www.radartutorial.eu Radar Basics

Duplexer

Transmitter
Receiver

Figure 1: simplified functional block diagram of a radar using a duplexer

Transmitter
Receiver

Figure 1: simplified functional block diagram of a radar using a duplexer

Whenever a single antenna is used for both transmitting and receiving, as in a radar system, an electronic switch must be used! Switching systems of this type are called duplexers.
Switching the antenna between the transmit and receive modes presents one problem; ensuring that maximum use is made of the available energy is another. The simplest solution is to use a switch to transfer the antenna connection from the receiver to the transmitter during the transmitted pulse and back to the receiver during the echo pulse. No practical mechanical switches are available that can open and close in a few microseconds. Therefore, electronic switches must be used.

Duplexers are constructed in many forms, such as

Since waveguide and hybrid-ring duplexers are most common in radar systems.

The simplest solution would be here to use a ferrite circulator. However, it is complicated to make circulators for top performances up to many 100 kW in the practice. In addition, circulators have a decoupling of hardly more as 30 to 40 dB and cannot protect the highly sensitive receiver from the high transmit powers sufficiently. On the other hand a circulator can provide the receiver with an echo signal during the transmission time. It has not the limitations of a so called blind range like other duplexer systems. Circulators as duplexer are predetermined for radar sets with a very low transmitter's peak power, like the DPR886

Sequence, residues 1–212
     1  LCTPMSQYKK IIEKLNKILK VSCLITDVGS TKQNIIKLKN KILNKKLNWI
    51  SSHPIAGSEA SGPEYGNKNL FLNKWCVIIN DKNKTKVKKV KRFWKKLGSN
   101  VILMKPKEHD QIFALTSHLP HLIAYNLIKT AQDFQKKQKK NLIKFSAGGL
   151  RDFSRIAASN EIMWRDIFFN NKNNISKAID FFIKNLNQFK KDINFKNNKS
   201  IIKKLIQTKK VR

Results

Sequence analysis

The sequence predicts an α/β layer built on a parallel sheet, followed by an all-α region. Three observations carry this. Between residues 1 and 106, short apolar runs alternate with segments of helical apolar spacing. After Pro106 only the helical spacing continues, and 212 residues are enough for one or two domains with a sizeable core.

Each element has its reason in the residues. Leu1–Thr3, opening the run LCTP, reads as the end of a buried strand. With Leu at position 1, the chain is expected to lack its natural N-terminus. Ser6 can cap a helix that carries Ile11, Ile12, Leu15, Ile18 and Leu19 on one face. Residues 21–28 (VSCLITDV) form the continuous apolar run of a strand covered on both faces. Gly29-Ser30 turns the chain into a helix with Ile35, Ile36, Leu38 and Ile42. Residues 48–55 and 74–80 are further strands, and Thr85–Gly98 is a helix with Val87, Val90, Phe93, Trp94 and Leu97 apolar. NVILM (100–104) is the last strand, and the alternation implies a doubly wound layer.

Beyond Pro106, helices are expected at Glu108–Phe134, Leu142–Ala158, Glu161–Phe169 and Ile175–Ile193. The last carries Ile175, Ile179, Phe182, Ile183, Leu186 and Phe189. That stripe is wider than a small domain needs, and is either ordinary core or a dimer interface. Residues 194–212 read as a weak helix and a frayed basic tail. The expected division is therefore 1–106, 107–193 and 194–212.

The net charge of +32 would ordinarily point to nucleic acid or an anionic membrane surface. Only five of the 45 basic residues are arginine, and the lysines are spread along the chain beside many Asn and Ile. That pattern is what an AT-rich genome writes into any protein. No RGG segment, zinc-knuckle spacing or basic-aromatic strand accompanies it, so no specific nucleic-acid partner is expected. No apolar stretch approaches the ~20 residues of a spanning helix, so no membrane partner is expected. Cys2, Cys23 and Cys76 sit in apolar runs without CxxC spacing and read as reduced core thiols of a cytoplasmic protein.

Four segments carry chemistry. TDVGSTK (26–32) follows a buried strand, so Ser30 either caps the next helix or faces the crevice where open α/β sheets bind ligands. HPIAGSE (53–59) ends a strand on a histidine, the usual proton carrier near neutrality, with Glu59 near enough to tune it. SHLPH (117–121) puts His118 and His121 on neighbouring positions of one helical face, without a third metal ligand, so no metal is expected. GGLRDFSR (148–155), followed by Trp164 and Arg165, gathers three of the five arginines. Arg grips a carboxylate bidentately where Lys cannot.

Therefore TR- and ATR-tubes are used. Unfortunately, duplexers need a reaction time situated in the nanosecond area. The full transmit power reaches the receiver in this time! You may increase the speed with which the gap breaks down after the transmitter fires by placing a voltage of about 800 to 1200 V across the gap electrodes. This voltage is known as keepalive voltage. This action provides for rapid ionization when the transmitter pulse arrives.

Efficient pin diodes don't have this disadvantage.